#16 Re: Help Me ! » Change of shape » 2016-10-18 01:32:07

Guys you are geniuses! Respect!!
Thank you so much!!

#17 Re: Help Me ! » Change of shape » 2016-10-16 02:15:47

Thank you, but how about in the general case, where we don't know whether A lies on the circle?

#18 Re: Help Me ! » Change of shape » 2016-10-14 06:23:01

Exactly, I corrected the wording. Sorry guys but English is not my mother tongue!!

zetafunc wrote:

Maybe he means equal area.

#19 Help Me ! » Change of shape » 2016-10-14 05:44:33

Replies: 8

How can we transform a parallelogram with sides n and 1.1*n into a rhombus of equal area, just by one cut?

#20 Re: Puzzles and Games » Prisoners and hats - one more variation » 2016-06-28 07:06:16

Hi Thickhead - I did some edits and think now it's more clear.

thickhead wrote:

Hi Samuel.bradley.99
The idea is not clear. Needs more explanation.

#21 Re: Puzzles and Games » Prisoners and hats - one more variation » 2016-06-28 02:13:50

This is the solution I propose:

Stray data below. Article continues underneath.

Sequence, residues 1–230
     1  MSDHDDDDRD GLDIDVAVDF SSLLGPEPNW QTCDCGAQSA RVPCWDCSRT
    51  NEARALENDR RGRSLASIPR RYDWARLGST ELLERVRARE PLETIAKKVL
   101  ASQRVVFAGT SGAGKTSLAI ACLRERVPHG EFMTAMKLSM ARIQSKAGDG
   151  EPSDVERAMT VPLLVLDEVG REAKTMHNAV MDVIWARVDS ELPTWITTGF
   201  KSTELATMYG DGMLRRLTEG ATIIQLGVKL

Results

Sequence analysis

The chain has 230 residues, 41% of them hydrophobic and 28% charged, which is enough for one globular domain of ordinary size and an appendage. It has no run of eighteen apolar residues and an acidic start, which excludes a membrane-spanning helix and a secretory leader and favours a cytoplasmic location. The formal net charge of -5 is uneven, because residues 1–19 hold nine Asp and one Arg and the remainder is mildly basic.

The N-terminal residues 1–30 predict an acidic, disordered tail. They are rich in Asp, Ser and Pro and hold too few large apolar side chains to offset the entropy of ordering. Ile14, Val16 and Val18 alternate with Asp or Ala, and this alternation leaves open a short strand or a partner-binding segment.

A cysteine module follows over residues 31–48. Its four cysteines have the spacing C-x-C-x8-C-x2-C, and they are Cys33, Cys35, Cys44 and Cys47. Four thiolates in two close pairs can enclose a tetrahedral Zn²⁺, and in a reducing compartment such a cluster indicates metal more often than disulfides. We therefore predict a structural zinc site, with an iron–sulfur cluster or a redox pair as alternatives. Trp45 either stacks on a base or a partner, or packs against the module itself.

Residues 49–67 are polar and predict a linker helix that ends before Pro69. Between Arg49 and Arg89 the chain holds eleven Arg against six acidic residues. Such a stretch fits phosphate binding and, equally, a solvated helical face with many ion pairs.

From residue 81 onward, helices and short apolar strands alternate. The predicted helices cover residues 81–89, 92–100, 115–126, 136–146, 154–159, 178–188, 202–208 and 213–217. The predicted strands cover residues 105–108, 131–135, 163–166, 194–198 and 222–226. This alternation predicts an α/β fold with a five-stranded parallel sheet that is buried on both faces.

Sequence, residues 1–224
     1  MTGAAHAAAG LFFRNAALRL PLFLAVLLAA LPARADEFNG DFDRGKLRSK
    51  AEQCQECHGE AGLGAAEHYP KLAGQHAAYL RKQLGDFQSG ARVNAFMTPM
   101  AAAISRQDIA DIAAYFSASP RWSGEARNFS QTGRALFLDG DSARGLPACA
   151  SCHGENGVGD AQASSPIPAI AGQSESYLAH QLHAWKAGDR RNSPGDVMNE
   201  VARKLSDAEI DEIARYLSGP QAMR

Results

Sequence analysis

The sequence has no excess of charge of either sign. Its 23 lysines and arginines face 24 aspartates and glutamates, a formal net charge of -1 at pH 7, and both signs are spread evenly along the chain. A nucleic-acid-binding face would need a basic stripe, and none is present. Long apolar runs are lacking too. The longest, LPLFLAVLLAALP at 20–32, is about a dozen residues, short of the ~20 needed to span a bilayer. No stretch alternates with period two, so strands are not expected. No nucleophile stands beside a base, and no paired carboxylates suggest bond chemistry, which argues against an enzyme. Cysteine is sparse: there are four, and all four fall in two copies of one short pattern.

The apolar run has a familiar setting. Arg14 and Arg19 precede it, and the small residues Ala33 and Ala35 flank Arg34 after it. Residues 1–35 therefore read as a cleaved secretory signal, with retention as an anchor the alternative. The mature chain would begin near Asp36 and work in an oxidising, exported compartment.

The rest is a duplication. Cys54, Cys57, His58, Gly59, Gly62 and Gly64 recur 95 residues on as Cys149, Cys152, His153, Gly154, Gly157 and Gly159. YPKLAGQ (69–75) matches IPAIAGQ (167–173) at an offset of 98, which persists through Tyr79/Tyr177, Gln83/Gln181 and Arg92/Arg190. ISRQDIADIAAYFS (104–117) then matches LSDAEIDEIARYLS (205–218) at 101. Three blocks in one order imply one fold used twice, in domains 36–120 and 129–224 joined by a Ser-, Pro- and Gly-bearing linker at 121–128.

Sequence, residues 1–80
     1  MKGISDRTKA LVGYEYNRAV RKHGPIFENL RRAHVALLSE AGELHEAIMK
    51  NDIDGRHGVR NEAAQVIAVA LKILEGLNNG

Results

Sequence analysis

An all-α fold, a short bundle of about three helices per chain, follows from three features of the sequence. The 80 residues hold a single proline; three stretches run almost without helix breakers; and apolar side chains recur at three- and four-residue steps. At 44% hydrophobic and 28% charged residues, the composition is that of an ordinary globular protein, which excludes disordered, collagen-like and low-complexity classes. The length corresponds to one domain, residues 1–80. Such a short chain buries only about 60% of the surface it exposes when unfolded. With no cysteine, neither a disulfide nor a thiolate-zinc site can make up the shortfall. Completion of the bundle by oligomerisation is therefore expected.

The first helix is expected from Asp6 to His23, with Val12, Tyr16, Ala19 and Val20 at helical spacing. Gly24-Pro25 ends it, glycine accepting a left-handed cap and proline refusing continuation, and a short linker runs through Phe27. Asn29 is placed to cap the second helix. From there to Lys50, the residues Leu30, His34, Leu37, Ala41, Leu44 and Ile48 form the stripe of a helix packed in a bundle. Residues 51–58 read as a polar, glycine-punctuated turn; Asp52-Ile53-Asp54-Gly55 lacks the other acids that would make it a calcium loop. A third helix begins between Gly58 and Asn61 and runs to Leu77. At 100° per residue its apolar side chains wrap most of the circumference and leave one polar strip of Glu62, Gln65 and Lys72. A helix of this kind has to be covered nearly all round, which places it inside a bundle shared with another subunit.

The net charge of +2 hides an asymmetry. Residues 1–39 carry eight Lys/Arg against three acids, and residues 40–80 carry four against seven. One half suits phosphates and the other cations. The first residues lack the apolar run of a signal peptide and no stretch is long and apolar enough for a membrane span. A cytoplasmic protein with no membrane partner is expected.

We have 5 available colors, so, in order to transmit the information to the others, we will use this method:
We have 5 different values of mod(5): 0, 1, 2, 3, 4.
They coordinate and agree the following:
They assign these 5 values to the five hat colors Cyan, Magenta, Yellow, Red, Green.
0: Cyan
1: Magenta
2: Yellow
3: Red
4: Green

They also assign themselves with one of the numbers 0 to 4 (i.e. the 1st prisoner is assigned with number 0, the 2nd with 1 etc).
The above is pre-agreed before they wear the hats.
After they wear the hats, they do the following:
Then each prisoner calculates the sum of the numbers of the hat colors, based on the above table and DEDUCTS this number from his own and then converts the difference to mod(5). Then he finds the color that this number corresponds to, based on the above table.
Example: Suppose the 2nd prisoner sees the following hats to the other four: 1st-3rd-4th-5th: Cyan-Cyan-Red-Green. Let's assume his own hat is Yellow.
Then he calculates the sum 0+0+3+4=7. His own number is 1 (because he is the 2nd and number 1 is assigned to him). He deducts 7 from 1 and converts the difference (6) to mod(5) = 1. Then he guesses that he wears a Magenta hat. Obviously he is wrong, but let's see what the others will guess (because, even if all are wrong and ONLY one guesses correctly, they are saved).
The 1st one sees Yellow-Cyan-Red-Green and calculates the sum 9, which he deducts from his own that is 0, so the remainder is 9 which is 4 mod(5) so he guesses that he wears Green, which is also wrong because he wears Cyan.
Similarly the 3rd guesses Yellow and is wrong because he wears Cyan,
the 4th guesses Red which is CORRECT
and the 5th guesses Magenta and is wrong because he wears Green.